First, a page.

There are two types of people in the world: those who believe that burgers should be simple and elegant, and those who think that the more stuff you can pile on top of it, the better it is.
This burger appeals to that second group. It has a bunch of awesome components that give it a great texture and spiciness. It takes a little longer to prepare, but it's totally worth it. Especially when you consider swapping out the mushroom for a juicy, red hamburger.
Now don't get me wrong, I'm a huge fan of mushrooms, and I love the portobello burger. I do my best to encourage other people who are biased against them to give my favorite fungi a chance, and I like to think I've brought a few over to the light side. But I'm a hearty meat eater, and it's impossible to say no to a delicious, medium-rare burger.
So light that grill and throw some beef patties next to your mushroom caps, and try them both! See which one you like better. ...continue reading →
While I was perusing my friend Bee's blog, over at a Quarter Life (Crisis) Cuisine (congrats on the new domain name, chica!), I noticed her most recent post was a Cinco de Mayo recipe. Panicking slightly, I looked at my calendar and realized it was, in fact, almost May 5th. Where has this spring gone!? With the strange weather we've been getting in Rochester, my brain has not really wrapped around the fact it'll soon be summer.
But it's true, and I must forge ahead. So being inspired by Bee, I frantically searched for a fun Mexican dish to make to celebrate this fun holiday. Five minutes before I left work to go grocery shopping I stumbled upon this recipe for chorizo, bean, and cheese nachos from Emeril, over at FoodNetwork.com. It is layered like a lasagna and baked, and the rings of onions on top gave it a cool polka dot effect that I thought was cute 🙂
Despite my mother not liking sausage, I tend to use it in quite a few of my recipes. I love how versatile it can be! You can cook it whole and shove it in a bun, you can slice it and saute it, or you can crumble it and use like ground beef. Chorizo is different from regular sausage, and it has a distinctive taste that comes from the vinegar and paprika. There are many varieties, so for this Cinco de Mayo dish, make sure you purchase a Mexican chorizo (Spanish chorizo is very different). ...continue reading →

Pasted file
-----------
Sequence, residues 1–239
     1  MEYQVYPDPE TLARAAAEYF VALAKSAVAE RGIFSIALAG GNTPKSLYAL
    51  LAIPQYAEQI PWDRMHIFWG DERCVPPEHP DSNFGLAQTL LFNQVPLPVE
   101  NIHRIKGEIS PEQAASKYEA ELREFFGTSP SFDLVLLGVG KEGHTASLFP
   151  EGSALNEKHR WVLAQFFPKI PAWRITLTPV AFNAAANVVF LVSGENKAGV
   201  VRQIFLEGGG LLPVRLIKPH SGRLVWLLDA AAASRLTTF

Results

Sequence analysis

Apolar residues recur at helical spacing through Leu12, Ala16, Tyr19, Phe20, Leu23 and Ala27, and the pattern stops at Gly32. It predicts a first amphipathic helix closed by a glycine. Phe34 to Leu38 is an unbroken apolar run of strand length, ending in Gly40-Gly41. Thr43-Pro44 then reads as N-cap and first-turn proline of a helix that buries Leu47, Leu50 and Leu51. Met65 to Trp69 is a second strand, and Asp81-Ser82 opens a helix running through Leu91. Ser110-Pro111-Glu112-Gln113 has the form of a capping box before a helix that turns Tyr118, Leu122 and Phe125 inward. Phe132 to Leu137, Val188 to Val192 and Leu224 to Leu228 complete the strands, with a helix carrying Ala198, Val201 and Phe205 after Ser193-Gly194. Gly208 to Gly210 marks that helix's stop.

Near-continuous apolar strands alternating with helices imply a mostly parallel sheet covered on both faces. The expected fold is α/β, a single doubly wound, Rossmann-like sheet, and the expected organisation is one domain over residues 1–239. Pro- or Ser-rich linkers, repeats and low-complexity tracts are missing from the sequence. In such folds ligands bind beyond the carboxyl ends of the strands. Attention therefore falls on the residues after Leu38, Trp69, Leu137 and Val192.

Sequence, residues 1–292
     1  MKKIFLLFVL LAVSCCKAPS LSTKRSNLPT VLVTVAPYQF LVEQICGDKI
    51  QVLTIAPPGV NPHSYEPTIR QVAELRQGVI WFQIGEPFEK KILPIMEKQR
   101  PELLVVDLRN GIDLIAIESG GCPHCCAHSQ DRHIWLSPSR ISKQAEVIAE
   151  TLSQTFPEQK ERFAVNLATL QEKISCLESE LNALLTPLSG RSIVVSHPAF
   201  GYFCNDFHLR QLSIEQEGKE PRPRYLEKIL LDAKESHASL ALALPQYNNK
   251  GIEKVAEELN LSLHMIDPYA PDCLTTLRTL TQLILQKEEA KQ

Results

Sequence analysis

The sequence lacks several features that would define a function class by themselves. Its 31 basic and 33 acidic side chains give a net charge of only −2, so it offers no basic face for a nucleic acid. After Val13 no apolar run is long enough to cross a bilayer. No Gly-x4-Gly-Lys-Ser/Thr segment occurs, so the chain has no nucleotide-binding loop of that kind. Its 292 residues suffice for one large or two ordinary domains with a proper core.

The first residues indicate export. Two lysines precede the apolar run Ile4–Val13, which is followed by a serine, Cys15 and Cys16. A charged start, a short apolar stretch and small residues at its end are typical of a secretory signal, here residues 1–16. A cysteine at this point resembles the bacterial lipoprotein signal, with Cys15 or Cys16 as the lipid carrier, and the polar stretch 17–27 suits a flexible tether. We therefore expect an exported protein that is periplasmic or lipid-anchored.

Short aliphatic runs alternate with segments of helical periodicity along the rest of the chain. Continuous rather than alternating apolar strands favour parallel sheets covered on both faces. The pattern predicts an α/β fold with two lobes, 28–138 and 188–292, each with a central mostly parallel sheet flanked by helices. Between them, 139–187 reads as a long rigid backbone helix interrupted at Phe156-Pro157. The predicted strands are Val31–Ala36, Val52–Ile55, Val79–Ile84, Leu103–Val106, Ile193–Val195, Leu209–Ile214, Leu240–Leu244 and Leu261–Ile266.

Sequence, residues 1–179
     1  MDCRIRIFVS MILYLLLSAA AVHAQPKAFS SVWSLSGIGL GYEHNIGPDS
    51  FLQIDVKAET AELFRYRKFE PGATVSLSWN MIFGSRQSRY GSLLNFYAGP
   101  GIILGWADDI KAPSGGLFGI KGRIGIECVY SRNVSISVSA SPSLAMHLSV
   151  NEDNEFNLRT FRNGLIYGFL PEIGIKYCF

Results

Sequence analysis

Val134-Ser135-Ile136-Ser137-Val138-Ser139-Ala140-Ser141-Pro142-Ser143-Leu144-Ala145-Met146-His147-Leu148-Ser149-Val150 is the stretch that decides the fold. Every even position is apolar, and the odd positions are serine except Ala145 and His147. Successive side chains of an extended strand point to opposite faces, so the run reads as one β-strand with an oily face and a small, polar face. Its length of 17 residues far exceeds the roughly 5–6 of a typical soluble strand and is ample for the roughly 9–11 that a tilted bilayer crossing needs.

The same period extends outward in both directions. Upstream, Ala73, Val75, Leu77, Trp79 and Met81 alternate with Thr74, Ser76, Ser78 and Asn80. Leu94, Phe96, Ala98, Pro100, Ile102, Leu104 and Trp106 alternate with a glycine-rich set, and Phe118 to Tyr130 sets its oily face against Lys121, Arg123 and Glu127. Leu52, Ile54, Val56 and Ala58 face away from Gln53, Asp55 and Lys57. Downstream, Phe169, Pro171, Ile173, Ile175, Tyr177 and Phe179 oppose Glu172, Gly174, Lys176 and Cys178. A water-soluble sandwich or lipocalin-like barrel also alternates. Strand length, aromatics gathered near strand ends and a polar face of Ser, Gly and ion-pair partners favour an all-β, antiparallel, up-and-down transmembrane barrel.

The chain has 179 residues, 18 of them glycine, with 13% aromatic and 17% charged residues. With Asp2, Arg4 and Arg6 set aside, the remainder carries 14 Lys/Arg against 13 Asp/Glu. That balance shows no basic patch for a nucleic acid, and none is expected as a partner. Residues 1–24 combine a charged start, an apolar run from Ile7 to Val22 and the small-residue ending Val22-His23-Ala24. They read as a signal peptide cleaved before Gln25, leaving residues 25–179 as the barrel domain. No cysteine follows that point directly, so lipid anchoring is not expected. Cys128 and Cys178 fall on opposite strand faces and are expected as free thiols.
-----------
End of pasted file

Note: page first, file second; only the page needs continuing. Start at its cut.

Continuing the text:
This dish was hard to name because it has so many components! Really it should be named "sauteed salmon fillets with carmelized onions, lemon slices, and a sour cream and lemon sauce, all on top of a bed of pasta," but that didn't sound catchy enough. I made this recipe a few weeks back (original recipe courtesy of Emeril Lagasse) and I couldn't wait to make it again. It has a wonderful mix of complex flavors that all work together in a truly fabulous way.
And since you're probably wondering, no I didn't forget about you for two weeks. Work has been a little hectic recently, and on top of that, I got a stomach flu! I figured you already know how to make toast and heat up a can of soup, so I didn't have much to blog about. But I'm all better now, and anxious to whip up a few goodies before I leave for the Midwinter Research Meeting of the Association for Research in Otolaryngology in sunny San Diego! (This means I've officially entered the adult working world, I think. 🙂 )
I knew I wanted to challenge myself, and guess what I got to use for the first time ever?
This is cool because I didn't even know we had one of these. Turns out, it's been hiding on a top shelf in a cabinet I never go into, for like 30 years. When I asked my mom how to use it, she had no idea.
Start by cutting the tops off of a head of garlic, and peel the outermost layer off. Leaving the bulbs in their little paper shells, rub the outsides with olive oil, wrap in tinfoil and bake in the oven at 400° for 35-40 minutes.
I absolutely love Panera Bread. When I was at school I would make a weekly trip out there to gorge myself on soup-filled sourdough bread bowls. For the first year of my obsession with Panera I ate only chicken noodle soup, but then I tried the broccoli cheddar, and my world was rocked.
I've only made matzo ball soup before (which is the easiest, most delicious thing ever...I'll make it again in the fall!), and so I decided that for my first *non-chicken based* attempt I would make my favorite unhealthy Panera favorite!
And guess what? IT TASTED PHENOMENAL! I'm excited to post a recipe that turned out well to prove to you that I don't always light my dinner on fire or pour a can of spaghettios on top. I found the recipe on CDKitchen.com, but I made a few modifications, so I'll post my directions as well.
You will need:
1 tablespoon plus 1/4 cup melted butter
1/2 medium onion, chopped (I only used a 1/4 of the onion)
1/4 cup flour
2 cups half-and-half
2 cups chicken stock
1/2 pound fresh broccoli
salt and pepper, to taste
1/4 teaspoon nutmeg
8 ounces shredded sharp cheddar cheese (As you can see in the picture, I ate half the block of cheese before I started cooking, so I only had about 5 ounces left =P it STILL tasted great though!)